 The group interactions.
What did you learn during the workshop session that you will use in your life?
 I learnt that there are five levels of leadership
 The importance of knowing on what level of leadership are you on with your team as individuals.
 Importance of healthy living and how to communicate effectively with your child.
Were the facilitators knowledgeable on the workshop subjects? Did they facilitate well? Please briefly explain
 The facilitators were excellent. They should keep up the good work.
 Facilitators shared important facts and was well prepared.
KeMoja Alternatives Coaches training
A total of 139 participants were trained on the KeMoja Alternatives across the five regions. The training focused on the following KeMoja Alternatives i.e. KeMoja Poetry, KeMoja Beat, KeMoja Hearts and Minds and the newly added KeMoja Music. External facilitators who are expects in the field of Music and Drama to facilitate the two interventions of the KeMoja programme. The participants enjoyed the training as all sessions consisted of more interactive activities. It was often emphasized throughout the kemoja alternatives that the aim is not to know how to sing or dance however one needs to be passionate about arts. The sessions were not about teaching the participants on how to sing or dance however participants were rather equipped with basic skills to assist on how to train vocal cords and how to create a play without writing a script. The participants had fun partaking in these activities as this challenged them to be creative in delivering an entertaining yet impactful session.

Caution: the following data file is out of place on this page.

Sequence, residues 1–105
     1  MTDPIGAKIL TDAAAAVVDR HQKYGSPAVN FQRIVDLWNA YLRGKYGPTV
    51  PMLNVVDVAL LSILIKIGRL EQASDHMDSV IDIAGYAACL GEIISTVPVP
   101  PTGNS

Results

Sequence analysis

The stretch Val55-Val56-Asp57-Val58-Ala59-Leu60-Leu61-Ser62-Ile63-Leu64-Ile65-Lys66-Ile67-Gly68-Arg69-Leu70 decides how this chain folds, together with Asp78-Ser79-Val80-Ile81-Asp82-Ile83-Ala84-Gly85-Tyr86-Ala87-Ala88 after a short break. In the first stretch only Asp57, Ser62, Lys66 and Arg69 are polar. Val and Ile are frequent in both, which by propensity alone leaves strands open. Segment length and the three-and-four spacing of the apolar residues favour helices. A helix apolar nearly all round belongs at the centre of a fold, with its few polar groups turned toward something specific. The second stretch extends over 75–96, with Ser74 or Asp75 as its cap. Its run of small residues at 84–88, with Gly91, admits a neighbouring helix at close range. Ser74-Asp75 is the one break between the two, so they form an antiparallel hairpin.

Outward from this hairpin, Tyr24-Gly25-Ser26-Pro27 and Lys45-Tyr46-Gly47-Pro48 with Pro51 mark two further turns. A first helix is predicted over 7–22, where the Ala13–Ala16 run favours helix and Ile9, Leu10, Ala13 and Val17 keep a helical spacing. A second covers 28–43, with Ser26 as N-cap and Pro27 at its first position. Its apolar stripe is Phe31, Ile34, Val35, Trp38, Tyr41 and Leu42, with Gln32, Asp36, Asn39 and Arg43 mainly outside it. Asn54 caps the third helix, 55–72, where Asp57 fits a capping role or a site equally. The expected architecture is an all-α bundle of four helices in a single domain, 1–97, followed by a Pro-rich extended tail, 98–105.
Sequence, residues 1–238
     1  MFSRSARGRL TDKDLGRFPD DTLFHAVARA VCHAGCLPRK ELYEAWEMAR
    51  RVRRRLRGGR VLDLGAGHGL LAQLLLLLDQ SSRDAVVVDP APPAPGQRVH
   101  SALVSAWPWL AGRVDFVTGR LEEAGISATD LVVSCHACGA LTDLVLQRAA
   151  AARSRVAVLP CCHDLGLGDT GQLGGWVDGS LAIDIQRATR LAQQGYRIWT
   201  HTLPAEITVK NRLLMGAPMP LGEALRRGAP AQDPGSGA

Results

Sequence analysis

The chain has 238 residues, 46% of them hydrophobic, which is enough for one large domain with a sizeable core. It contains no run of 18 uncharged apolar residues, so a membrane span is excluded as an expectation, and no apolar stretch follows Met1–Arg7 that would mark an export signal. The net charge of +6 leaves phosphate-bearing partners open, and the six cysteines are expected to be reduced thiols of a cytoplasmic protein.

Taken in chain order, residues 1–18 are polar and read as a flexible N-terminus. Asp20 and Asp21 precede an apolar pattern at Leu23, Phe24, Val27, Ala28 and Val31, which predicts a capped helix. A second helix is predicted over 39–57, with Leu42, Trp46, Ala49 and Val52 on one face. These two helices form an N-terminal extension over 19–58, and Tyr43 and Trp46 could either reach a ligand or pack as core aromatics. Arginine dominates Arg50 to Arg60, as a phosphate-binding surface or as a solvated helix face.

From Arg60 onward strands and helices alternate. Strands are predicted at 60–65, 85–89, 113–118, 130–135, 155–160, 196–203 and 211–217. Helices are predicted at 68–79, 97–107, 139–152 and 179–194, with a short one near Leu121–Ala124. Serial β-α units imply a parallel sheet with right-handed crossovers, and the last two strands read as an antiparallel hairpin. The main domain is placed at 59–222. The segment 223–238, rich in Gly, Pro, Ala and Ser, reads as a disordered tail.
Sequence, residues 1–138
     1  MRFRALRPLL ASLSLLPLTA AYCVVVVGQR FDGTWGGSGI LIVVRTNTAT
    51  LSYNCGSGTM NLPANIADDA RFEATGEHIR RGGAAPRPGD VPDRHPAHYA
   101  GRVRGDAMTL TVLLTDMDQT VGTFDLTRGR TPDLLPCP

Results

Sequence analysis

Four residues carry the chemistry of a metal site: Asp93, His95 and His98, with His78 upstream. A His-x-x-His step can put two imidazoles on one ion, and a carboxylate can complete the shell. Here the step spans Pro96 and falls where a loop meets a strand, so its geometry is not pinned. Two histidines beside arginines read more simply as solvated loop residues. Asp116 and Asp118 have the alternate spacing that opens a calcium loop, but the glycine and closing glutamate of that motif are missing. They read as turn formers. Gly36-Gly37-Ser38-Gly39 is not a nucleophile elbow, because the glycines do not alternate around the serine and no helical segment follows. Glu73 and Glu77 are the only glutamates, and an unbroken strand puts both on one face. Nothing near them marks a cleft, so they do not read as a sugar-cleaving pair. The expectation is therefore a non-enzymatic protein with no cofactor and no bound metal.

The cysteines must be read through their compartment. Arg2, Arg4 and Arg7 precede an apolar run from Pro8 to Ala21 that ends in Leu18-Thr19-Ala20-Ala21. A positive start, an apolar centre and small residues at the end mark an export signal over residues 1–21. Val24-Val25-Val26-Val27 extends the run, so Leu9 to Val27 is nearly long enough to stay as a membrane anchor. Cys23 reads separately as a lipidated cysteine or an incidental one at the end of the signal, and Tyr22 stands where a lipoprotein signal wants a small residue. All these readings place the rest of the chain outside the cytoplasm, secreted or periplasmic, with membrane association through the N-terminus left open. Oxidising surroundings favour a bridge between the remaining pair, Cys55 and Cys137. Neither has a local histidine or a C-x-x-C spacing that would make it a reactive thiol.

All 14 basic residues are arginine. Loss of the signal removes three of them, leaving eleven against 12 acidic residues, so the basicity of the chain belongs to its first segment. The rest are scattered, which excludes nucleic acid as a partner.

Some of the notable challenges that were faced by the training team such as load shedding in Sedibeng region however the team used the generator which was provided by the NPO as back up. It was also encouraging to have a high number of coordinators in attendance so that they are equipped with kemoja alternatives.